Thus began a research odyssey to diagram state and county government—literally map out every department, cabinet, and court on wall charts in the CWG-K offices. Twenty-seven sources, twenty-four oversized sheets taped to the wall, and one nine-foot scroll later, we have a more complete picture of these institutions as they existed in Civil War-era Kentucky and how they were supposed to function—theoretically.

Actual practice was another issue, but that is for the documents to illuminate. One particular area in which we have already seen wartime turbulence is the county court system. How did civil war affect the county courts? Who was elected or appointed to hold these offices? Did they function as the 1850 Kentucky Constitution set forth or were they in complete disarray?

Fortunately, CWG-K documents will help historians explore this question further. Though the new constitution made county courts incredibly powerful, the executive branch—in particular the governor and secretary of state—wielded a great deal of power as they handled the appointments and resignations of state officials in each county. In the 13,000+ documents currently in process, thousands of letters and petitions relate to the commissions of county officers from across the commonwealth.

An April 19, 1862 letter to Governor Beriah Magoffin from five “freeholder” citizens of Wolfe County, Kentucky, speaks to the great wartime confusion about the legal status of county officials and the legitimacy of the local courts. The petitioners state that “We have not had any courts held in our county since Sept. 1861 up to April 14th[.] There was an attempt made By the County Judge to hold County Court on the Regular court day in Apr 1862 and was prevented by force of arms as he were accused of Being a disloyal citizen of Ky.” In addition, Wolfe County had collected “very little tax” without a properly appointed sheriff.

With multiple county officers, including a county judge, facing accusations of “aiding the Southern Confederacy” or outright serving “in the Southern army,” a Justice of the Peace had held court and appointed multiple county officials to fill vacancies “of officers which have resigned or are considered Disloyal.” So, the correspondents asked the governor, simply, “whether the court were held legal or not[?]” These five citizens of Wolfe County “want[ed] the Regular courts held and the proper officers appointed to do Business and if we are not on the Right Track if your honor pleas give us some instructions.”

Does so much turn-over of court officers suggest a dysfunctional system? It certainly might for Wolfe County. Elsewhere, documents from mid-to-late 1865 noting the reconvening of the county courts might hint that such wartime closures due to want of qualified, loyal officers were not uncommon.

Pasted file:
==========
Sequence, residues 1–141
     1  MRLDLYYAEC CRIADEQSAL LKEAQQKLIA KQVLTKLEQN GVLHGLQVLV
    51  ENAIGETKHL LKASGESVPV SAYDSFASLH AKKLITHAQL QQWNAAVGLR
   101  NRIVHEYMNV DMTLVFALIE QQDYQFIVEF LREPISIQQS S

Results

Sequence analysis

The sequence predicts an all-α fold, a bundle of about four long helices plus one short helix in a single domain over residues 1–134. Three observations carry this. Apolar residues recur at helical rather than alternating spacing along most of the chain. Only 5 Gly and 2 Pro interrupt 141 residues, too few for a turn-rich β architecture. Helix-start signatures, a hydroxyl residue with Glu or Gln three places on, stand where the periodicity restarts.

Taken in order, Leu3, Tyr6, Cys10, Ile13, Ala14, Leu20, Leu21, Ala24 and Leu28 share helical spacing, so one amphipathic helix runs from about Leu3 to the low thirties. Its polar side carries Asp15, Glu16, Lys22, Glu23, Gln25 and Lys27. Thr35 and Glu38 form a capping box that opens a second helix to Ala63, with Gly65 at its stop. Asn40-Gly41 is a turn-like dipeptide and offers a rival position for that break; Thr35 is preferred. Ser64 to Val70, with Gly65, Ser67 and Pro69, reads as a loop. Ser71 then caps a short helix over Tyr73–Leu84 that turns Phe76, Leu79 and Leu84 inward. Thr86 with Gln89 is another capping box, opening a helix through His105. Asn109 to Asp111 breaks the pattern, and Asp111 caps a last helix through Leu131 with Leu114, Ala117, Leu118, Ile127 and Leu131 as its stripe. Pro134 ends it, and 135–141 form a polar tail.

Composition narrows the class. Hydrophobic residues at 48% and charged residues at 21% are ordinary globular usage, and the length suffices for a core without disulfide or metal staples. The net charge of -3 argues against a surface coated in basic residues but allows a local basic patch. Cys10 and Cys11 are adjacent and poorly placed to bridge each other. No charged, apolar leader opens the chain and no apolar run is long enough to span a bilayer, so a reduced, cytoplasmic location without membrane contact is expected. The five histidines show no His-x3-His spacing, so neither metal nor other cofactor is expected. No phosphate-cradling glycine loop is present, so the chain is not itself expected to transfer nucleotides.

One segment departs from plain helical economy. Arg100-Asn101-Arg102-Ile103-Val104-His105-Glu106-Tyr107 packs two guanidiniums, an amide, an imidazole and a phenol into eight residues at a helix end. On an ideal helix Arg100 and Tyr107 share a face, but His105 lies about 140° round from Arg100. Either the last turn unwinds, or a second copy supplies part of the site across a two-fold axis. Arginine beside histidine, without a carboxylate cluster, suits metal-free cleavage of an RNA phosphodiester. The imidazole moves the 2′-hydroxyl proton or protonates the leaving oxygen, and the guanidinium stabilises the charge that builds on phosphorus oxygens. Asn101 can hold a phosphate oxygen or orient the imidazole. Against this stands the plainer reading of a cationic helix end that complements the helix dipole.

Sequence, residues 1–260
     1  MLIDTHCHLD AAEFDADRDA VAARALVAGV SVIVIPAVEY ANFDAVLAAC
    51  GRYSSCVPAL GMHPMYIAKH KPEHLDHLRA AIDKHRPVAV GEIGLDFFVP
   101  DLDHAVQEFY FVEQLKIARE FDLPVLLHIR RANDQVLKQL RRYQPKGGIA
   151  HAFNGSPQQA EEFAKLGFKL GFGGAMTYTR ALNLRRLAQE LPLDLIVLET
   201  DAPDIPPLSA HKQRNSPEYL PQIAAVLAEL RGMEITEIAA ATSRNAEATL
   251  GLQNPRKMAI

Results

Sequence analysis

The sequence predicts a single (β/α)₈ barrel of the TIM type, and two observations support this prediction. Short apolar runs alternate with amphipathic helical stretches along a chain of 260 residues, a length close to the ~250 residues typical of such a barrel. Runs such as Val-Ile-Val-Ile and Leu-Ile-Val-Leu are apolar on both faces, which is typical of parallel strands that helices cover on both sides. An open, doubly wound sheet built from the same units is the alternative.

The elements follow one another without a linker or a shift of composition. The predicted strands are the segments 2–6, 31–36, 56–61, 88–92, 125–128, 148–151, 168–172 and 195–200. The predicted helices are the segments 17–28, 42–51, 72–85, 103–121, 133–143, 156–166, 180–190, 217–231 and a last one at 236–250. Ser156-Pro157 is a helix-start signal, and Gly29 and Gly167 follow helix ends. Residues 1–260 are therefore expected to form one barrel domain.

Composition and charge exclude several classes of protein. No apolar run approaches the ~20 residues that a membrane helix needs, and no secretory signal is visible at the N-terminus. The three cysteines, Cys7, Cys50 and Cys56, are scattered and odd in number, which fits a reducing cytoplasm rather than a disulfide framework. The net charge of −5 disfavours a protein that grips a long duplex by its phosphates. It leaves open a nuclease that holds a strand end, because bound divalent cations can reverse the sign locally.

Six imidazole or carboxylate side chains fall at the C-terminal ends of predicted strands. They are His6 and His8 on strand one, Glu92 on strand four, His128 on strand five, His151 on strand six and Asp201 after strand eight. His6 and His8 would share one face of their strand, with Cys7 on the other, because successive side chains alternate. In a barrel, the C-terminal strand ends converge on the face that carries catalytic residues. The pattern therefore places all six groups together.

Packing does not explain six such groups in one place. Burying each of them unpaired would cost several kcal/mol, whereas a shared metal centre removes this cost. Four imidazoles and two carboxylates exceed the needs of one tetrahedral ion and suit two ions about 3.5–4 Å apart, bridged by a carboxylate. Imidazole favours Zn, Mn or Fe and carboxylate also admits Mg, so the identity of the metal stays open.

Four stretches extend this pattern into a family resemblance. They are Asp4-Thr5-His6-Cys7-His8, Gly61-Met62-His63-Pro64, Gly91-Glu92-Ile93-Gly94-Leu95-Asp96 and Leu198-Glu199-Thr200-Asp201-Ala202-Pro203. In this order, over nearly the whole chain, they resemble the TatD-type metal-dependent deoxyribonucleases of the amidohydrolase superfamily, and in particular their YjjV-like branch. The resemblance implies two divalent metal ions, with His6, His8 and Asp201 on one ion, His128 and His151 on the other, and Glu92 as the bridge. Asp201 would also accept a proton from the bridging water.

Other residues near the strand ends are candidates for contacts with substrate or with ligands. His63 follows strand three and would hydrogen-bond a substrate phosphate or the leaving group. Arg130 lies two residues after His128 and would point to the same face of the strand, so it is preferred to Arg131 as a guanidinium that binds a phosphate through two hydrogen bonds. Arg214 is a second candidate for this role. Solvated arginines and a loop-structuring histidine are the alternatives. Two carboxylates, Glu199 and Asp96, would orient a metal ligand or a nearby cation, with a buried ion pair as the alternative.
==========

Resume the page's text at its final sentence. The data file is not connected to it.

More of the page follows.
At the same time, other documents point to an overburdened county court system due to a dramatic increase in crime that occurred during—and often as a result of—the war. Dozens of letters and petitions arrived daily on the desk of the governor asking for pardons and other forms of executive clemency. These suggest a functioning court system in other counties.

Even with all of CWG-K’s research into and charting of state government, such documents raise more fascinating questions than they answer at this stage. For example, in the process of researching the component parts of the state government, we learned that very little worked in the way we—and many other historians before us—had thought. Kentucky currently operates under its fourth constitution, but at the time of the Civil War it had only recently passed its third. Significant pieces of the government familiar to us today simply did not exist in the 1860s.

How has the balance of power between the executive, legislative, or judicial branch shifted? What powers has each branch of government gained or lost? How has our interaction with the federal government changed over time? Rich insights from CWG-K documents will help researchers answer some of these important questions.

[1] Ezkiel Hobbs, et al., to Beriah Magoffin, April 19, 1862, Office of the Governor, Beriah Magoffin: Governor’s Official Correspondence file, Petitions for Pardons, Remissions, and Respites 1863-1867, Box 4, MG4-412, Kentucky Department of Library and Archives, Frankfort, Kentucky.